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Rob H
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Re: Food for thought

Postby Rob H » Sun Aug 14, 2016 3:34 am

Oh, only honk at other people when I'm carrying or I know them. :lol:[/quote]

:D :D :D :D :D :D :D :D

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Re: Food for thought

Postby brettchallenger » Sun Aug 14, 2016 3:39 am

The rule is that you should use the lane on the left unless you need to overtake another vehicle, then you may use the middle or right hand lane. People refer to the right hand lane as the "fast lane" but the speed limit is the same as for other lanes and it is there for overtaking only, once you have passed the vehicle you are overtaking you should return to the left lane - this clearly does not apply to drivers of BMWs who believe that the right hand lane is for their exclusive use.
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Rob H
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Re: Food for thought

Postby Rob H » Sun Aug 14, 2016 4:21 am

brettchallenger wrote:The rule is that you should use the lane on the left unless you need to overtake another vehicle, then you may use the middle or right hand lane. People refer to the right hand lane as the "fast lane" but the speed limit is the same as for other lanes and it is there for overtaking only, once you have passed the vehicle you are overtaking you should return to the left lane - this clearly does not apply to drivers of BMWs who believe that the right hand lane is for their exclusive use.


Ah ha, BMW are also the only manufacturers that do not have indicators as standard! Optional.

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ekvh
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Re: Food for thought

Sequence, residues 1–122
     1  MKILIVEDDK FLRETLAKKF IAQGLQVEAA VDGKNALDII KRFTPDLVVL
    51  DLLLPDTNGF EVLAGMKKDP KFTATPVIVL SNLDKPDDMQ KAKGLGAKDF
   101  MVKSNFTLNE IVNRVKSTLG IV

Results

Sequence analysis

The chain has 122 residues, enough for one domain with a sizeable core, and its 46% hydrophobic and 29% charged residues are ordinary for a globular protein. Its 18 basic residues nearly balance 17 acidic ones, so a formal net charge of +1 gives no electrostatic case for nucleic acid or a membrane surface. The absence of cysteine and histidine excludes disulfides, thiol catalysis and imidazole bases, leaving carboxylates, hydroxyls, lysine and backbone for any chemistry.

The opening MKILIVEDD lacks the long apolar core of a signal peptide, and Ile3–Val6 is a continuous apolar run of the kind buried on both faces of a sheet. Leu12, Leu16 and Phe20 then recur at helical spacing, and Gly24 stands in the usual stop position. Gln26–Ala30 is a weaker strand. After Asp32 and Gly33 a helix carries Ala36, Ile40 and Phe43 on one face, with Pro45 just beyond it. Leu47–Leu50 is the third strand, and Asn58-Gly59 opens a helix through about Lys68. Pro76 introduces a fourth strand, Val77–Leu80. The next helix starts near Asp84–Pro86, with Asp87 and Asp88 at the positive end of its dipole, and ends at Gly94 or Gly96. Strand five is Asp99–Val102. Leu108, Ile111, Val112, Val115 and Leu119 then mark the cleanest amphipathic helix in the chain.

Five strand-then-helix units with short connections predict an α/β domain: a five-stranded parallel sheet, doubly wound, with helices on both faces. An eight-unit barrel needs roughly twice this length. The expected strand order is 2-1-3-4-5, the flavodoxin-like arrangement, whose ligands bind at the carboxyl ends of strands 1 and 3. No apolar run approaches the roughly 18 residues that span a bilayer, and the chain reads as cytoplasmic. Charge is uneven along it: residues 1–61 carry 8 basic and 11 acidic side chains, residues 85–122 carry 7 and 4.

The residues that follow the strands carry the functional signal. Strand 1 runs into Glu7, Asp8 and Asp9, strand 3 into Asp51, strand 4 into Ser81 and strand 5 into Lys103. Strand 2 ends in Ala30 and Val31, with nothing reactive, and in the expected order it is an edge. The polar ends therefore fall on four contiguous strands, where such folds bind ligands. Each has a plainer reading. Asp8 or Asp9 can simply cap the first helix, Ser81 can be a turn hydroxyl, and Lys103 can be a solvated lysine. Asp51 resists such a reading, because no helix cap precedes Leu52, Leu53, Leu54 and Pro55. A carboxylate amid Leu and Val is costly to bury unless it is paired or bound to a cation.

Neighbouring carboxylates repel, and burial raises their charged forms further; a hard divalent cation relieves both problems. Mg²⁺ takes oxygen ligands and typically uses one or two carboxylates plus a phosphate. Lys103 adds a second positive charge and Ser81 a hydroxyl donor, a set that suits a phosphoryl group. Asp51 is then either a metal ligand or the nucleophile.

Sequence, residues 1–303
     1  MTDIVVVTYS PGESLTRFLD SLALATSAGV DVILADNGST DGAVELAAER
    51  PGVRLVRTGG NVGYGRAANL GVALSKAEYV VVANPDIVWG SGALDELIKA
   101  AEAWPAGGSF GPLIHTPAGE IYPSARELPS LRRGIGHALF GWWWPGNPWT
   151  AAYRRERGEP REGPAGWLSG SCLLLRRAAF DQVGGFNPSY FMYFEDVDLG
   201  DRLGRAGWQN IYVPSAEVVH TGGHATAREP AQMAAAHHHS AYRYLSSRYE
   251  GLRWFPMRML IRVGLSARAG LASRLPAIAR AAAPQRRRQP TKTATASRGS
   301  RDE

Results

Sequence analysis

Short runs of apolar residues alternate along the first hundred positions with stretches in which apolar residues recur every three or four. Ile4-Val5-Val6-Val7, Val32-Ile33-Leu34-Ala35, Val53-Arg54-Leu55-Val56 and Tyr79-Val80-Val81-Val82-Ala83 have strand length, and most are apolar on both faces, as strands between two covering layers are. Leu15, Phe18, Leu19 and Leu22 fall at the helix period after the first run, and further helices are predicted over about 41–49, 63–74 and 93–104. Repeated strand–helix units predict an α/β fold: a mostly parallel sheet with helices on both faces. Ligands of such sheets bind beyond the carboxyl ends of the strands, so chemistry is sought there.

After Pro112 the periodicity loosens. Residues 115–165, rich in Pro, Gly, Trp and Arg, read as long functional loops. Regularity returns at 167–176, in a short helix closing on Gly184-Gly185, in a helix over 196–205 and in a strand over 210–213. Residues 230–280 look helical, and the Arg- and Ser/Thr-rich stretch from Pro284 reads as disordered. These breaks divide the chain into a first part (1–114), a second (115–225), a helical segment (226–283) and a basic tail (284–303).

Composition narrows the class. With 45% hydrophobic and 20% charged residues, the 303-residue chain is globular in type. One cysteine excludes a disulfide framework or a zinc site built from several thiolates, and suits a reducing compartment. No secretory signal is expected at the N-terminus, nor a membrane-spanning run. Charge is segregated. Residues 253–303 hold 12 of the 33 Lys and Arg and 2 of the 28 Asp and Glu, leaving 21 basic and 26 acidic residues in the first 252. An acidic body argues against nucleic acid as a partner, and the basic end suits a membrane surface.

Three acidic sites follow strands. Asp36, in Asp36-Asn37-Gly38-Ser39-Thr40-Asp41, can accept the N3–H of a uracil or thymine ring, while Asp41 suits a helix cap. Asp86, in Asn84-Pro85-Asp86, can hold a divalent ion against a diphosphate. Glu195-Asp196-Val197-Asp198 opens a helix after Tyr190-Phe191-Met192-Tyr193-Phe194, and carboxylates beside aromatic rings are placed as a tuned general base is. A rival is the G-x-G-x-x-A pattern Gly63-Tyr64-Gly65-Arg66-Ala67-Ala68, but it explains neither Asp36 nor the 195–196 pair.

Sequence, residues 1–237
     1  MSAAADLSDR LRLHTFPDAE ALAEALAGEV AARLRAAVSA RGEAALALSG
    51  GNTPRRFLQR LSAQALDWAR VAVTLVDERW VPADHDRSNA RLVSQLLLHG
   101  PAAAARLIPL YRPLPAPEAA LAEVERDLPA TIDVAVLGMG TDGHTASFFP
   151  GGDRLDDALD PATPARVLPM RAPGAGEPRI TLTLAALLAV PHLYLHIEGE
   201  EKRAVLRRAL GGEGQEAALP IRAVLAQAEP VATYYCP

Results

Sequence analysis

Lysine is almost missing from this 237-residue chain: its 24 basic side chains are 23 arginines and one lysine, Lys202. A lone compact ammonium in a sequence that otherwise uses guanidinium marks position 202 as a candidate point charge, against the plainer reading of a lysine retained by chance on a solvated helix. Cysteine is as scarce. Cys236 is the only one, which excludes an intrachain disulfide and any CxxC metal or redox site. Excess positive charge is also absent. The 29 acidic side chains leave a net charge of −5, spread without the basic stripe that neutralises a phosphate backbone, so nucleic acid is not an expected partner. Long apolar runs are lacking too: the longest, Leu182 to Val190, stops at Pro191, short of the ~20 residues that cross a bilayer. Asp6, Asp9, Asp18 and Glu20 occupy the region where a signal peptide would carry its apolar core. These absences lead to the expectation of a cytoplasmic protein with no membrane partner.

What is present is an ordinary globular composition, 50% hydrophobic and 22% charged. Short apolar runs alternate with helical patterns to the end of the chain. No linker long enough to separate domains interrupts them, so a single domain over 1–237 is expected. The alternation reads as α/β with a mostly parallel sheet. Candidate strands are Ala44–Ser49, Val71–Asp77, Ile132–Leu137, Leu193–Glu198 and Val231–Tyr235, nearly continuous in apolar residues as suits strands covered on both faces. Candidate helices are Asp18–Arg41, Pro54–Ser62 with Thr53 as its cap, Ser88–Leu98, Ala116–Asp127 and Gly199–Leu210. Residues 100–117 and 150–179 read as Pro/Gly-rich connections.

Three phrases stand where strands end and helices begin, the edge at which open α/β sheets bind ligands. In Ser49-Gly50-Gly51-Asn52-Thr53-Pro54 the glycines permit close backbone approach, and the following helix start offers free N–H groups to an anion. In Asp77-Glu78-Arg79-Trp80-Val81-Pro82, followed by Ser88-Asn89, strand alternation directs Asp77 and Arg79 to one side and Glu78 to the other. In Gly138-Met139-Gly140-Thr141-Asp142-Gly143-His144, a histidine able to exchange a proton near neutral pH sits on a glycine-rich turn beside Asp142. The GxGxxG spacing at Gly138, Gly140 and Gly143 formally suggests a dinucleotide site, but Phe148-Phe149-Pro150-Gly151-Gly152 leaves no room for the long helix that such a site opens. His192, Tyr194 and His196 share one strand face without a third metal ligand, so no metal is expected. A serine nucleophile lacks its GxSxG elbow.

Postby ekvh » Sun Aug 14, 2016 7:16 am

The truth about generalizations: they're always wrong.

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Bugmerc
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Re: Food for thought

Postby Bugmerc » Sun Aug 14, 2016 8:48 am

ekvh wrote:The truth about generalizations: they're always wrong.


:lol: :lol: :lol:

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Re: Food for thought

Postby Mh434 » Sun Aug 14, 2016 2:26 pm

As far as the "at the speed limit" issue is concerned, I believe I know what the OP was referring to. In my case, my drive to work encompasses an 18-km stretch of "highway" (a simple 2-lane, with no passing areas, and no shoulders).

Thanks to the suburbanization of our area, the traffic volume has tripled in the past 10 year, (virtually all of them commuters). The highway, however, has never received an upgrade as a result (unlike our taxes, which have also tripled in the same time period!).

While the speed limit was arbitrarily set at 60 km/h (the road was engineered for 80 km/h), 80%-90% of normal traffic, left unimpeded, travels safely at around 75 km/h. When someone cruises along during rush hour (in reality, 3 hours long) at, or 1-2 km/h under the limit, steadfastly refusing to use any of the pullouts, towing 5 km. of frustrated traffic behind them, unintended consequences result. Frustrated drivers (especially when there are hundreds of them, nose to tail, in a tight group, most of whom will probably be late for work, thanks to the ignoramus at the head of the line) tend to do inadvisable things, and crashes result.

Then, there are the drivers who drive even slower on the same route - yesterday (Saturday morning, 0630 hours), I followed a woman in a Dodge minivan...she drove the entire route at 30 km/h (half the speed limit, despite it being a glorious, sunny day). Initially, I was the only one behind her. By the time I got to the next town (after a 45 minute drive, which normally takes 20 minutes), the traffic behind me (and her) stretched to the horizon. I tried honking, flashing lights politely, but nothing worked. When I finally got alongside, I noted that all her mirrors were turned so as to be completely unusable. She not only didn't use them, but clearly resented other traffic being on the road, and simply didn't wish to acknowledge them.

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OldZX11Rider
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Re: Food for thought

Postby OldZX11Rider » Sun Aug 14, 2016 7:34 pm

On 4 lane highways in Arkansas, where the left lane is used for passing, if you're driving in the left lane beside a car in the right and preventing other traffic from passing, even if you're doing the speed limit, you can be cited for impeding traffic.
In several states the left lane is for passing only. My son is one of the biggest violators of this law and I don't think he has ever been charged with it. :roll:


For he is the minister of God to thee for good. But if thou do that which is evil, be afraid; for he beareth not the sword in vain: